Congruent Mentorship to Reach Academic Diversity in Neuroscience Research | NYU Langone Health

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Center for Healthful Behavior Change Education & Training Congruent Mentorship to Reach Academic Diversity in Neuroscience Research

Congruent Mentorship to Reach Academic Diversity in Neuroscience Research

The Congruent Mentorship to Reach Academic Diversity (COMRADE) in Neuroscience Research training is a yearlong program that trains and mentors postdoctoral fellows from underrepresented minority groups. Through NYU Langone’s Center for Healthful Behavior Change, we aim to help trainees establish independent research programs and pursue careers in behavioral neuroscience and health equity. Postdocs who successfully complete our program have the necessary skills to apply for independent research grants in these fields.


Training begins with a two-week intensive didactic summer session, followed by ongoing mentorship by scientists and a midyear academic meeting. The program concludes with a one-week follow-up summer session with National Institutes of Health (NIH) staff.

First Summer Session

As a trainee, you spend two weeks during your first summer at the Center for Healthful Behavior Change. You receive rigorous training in the fundamentals of neuroscience, neurological disparities, and behavioral medicine and learn how to conduct research, using techniques at the forefront of these fields. The summer session covers methodology, biostatistics, ethical conduct of research, behavioral and translational models, neurological disorders, neuroscience, intervention topics, community-engaged research, and grant writing.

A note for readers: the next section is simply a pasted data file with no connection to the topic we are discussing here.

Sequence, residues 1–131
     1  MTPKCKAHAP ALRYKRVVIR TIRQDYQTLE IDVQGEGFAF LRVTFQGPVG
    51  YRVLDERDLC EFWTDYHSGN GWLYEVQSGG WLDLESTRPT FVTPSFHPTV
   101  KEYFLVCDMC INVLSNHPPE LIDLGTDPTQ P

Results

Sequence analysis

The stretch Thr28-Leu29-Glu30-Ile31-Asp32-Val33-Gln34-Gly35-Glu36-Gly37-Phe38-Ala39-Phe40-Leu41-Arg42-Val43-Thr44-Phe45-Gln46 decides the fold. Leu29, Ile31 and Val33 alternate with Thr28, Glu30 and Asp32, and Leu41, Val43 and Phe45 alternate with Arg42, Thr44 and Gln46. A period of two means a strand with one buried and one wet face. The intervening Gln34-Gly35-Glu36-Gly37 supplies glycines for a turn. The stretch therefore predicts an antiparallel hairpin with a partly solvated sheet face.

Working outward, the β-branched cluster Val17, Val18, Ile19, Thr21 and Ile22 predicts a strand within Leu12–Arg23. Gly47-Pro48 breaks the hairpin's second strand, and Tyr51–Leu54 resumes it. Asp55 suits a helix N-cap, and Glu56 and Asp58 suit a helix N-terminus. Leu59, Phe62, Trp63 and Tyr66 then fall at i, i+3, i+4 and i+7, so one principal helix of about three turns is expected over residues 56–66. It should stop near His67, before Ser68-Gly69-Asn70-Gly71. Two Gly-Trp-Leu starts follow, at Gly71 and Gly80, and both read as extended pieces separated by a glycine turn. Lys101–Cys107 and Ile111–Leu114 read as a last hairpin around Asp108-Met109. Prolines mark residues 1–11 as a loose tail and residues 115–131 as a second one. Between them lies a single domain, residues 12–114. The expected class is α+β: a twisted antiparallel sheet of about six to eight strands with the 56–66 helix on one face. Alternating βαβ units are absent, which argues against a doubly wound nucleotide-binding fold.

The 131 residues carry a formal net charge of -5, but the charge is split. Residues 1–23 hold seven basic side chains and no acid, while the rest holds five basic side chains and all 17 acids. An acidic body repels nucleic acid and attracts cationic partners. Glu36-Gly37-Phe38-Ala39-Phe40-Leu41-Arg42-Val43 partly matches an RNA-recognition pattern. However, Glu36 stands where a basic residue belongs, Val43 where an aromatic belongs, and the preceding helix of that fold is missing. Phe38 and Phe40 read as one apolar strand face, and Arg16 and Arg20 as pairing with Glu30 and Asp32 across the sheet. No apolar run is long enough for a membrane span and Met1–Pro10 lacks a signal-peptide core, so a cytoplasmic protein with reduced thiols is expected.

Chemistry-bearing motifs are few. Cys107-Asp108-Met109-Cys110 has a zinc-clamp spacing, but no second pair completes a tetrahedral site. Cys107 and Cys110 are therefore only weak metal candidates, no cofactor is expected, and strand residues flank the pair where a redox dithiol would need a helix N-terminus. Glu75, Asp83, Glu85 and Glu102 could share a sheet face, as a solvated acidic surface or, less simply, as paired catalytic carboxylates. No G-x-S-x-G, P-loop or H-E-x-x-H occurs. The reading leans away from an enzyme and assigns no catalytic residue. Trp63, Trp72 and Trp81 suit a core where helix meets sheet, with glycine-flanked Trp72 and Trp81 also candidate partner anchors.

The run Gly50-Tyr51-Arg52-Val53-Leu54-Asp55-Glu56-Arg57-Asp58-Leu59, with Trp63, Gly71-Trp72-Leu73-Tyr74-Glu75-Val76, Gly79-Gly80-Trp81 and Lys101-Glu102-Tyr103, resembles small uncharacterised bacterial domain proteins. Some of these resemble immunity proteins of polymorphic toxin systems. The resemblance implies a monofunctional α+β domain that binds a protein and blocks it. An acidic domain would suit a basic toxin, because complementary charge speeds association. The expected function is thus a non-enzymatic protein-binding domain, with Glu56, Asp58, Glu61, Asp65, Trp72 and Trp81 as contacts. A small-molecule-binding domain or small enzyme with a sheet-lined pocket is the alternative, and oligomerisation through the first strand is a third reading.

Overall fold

Yearlong Mentorship and Midyear Academic Meeting

Fellows are matched with faculty mentors who are nationally and internationally recognized in the fields of neuroscience and behavioral medicine. Your mentor is also a research colleague over the course of the year. You attend a midyear academic meeting at the Center for Healthful Behavior Change.

Second Summer Session

In a one-week follow-up session at the Center for Healthful Behavior Change, your second summer includes one-on-one interactions with National Institute of Neurological Disorders and Stroke staff, participation in an NIH Mock Study Section to review grant proposals, and proposal critiques by faculty and peers.


Our faculty of multidisciplinary experts are nationally recognized in stroke prevention and intervention, behavioral medicine, and community-engaged research. They have a history of obtaining independent funding from the NIH and other funders.